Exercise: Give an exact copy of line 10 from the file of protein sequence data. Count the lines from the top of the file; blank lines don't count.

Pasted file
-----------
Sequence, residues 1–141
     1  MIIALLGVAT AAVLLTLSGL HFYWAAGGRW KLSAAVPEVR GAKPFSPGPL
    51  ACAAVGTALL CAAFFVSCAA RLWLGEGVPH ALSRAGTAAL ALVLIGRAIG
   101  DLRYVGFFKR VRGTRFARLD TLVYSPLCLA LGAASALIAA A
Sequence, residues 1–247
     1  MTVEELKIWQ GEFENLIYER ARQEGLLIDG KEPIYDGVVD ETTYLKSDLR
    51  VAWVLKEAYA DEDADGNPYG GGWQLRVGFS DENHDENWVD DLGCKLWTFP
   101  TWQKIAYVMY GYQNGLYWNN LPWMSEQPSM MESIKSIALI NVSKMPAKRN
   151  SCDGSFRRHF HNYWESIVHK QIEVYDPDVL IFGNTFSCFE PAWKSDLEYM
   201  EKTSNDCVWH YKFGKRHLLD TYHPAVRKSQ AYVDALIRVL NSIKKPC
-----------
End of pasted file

   201  EKTSNDCVWH YKFGKRHLLD TYHPAVRKSQ AYVDALIRVL NSIKKPC